Cowboys & Aliens is already generating enough buzz to make it one of the most eagerly anticipated films of 2011. Today, the first teaser trailer from the film makes its online debut. We have the trailer for you here, as well as an inside look at director Jon Favreau’s take on the teaser.
We were fortunate enough to be among the few to get a sneak-peak at the Cowboys And Aliens trailer, as well as nearly forty minutes of footage, in an edit bay visit with Jon Favreau last week, and we can assure fans that they will not be disappointed.
In addition to an advance look at the trailer, we were also given the opportunity to view the the very early, work-in-progress, first act of the film, and will be bringing you a full report on our edit bay visit in the coming weeks.
What we are able to report now is that the trailer that you see here is highly reflective of the extended footage we’ve seen from the film. There is always the danger of misleading a film’s audience with an deceptive marketing campaign. Thankfully, that’s not the case with Cowboys & Aliens.
Favreau himself reflects “what I like about it as a filmmaker, is that it feels like they are selling the same movie that we’re making.” He goes on to say that this trailer encapsulates “the tone of the first act of the movie, and as we get deeper, and as more trailers come out – more will be revealed.”
Keep an eye out here on Screen Rant as we continue to bring you the latest about the film.
And now, take a look at the very first teaser trailer for Cowboys & Aliens:
For HD versions of the trailer head over to Yahoo! Movies.
That blend of raw old-West brutality, and creepily mysterious, restrained sci-fi, is exactly what you can expect to see more of from Cowboys & Aliens.
As film-goers, we have become comfortable, and used to “genre-bending” films; in fact, the tricks and tropes of genre-bending (or blending) have become so familiar and shorthand, that filmmakers now must essentially bend the bending in order to surprise audiences.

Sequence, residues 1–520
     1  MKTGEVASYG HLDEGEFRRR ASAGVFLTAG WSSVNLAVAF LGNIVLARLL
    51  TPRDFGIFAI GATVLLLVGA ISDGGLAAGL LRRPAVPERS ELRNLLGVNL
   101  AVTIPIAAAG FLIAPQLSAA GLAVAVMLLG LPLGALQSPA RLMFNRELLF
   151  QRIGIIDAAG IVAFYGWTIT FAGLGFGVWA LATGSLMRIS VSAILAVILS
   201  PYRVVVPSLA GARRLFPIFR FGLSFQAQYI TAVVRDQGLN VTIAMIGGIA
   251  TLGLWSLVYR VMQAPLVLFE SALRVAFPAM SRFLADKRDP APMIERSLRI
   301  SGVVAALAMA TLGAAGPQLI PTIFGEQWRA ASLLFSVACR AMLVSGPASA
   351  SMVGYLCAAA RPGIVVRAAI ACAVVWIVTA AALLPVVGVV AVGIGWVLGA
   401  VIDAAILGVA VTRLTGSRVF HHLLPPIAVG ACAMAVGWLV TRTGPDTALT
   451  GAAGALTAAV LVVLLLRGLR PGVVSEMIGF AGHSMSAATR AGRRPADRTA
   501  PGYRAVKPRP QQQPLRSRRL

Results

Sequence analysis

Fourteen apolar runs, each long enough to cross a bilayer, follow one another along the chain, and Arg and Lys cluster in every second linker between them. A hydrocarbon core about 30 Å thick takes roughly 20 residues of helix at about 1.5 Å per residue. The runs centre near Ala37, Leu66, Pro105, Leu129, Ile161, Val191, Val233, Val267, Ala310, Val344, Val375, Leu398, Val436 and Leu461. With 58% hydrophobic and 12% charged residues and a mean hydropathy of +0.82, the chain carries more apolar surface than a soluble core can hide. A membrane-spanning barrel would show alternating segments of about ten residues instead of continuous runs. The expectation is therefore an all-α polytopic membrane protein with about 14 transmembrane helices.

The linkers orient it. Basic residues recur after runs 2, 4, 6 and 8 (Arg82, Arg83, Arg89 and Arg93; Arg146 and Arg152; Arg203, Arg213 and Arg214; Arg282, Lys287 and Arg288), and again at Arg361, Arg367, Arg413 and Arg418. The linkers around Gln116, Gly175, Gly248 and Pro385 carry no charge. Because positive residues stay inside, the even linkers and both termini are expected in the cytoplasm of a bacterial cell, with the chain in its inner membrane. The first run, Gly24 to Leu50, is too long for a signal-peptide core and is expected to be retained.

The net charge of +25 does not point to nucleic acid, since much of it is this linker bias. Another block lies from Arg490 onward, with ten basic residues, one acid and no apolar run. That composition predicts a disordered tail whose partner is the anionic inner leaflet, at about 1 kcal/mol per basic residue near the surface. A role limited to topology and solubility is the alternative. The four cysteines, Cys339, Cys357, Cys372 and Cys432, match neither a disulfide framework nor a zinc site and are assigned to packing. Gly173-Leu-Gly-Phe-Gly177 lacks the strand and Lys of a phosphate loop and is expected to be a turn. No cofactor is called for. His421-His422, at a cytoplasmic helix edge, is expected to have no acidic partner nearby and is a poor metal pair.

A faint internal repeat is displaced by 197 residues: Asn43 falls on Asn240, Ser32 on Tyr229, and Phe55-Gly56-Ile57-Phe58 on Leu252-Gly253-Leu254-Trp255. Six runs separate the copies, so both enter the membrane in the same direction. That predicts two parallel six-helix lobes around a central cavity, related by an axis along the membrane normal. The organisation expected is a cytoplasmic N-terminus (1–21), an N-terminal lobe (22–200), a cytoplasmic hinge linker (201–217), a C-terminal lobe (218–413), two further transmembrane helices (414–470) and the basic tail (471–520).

In his 2001 essay on The French Connection, writer Todd Berliner explains that, “genre-bending films rely on viewers’ habitual responses to generic codes, misleading audiences into expecting conventional outcomes.” In other words, genre-bending films typically set viewers up for the expected, only to then twist the tropes, “creating a more unsettling experience than the genre traditionally provides.”
Audiences have become sophisticated enough that most genre-films are now self-reflexive in some way, or ways.
In casting Harrison Ford, Favreau is tipping his hat (metaphorically) at fans; and said hat tip plays into the tone of the film. He likens the casting choice to that of a classic Western star, explaining that “when John Wayne stepped onto the screen, he brought his entire body of work with him, and you have to acknowledge that. You can go with expectation or against expectation…”. However, both filmmaker and audience are well aware that a wealth of history comes with the casting choice – a lesson Favreau learned while working with Robert Downey Jr., on Iron Man.
A wealth of history is also intrinsically present in any genre film; that element of the past is heightened in a film that blends genres, as Cowboys & Aliens does. Self-reflexive, and genre-blending it may be, and yet, from what we have seen, Cowboys & Aliens feels like a film that honors its predecessors far more than many films that attempt to genre-blend, or bend, do.
Wild, Wild West This is not.
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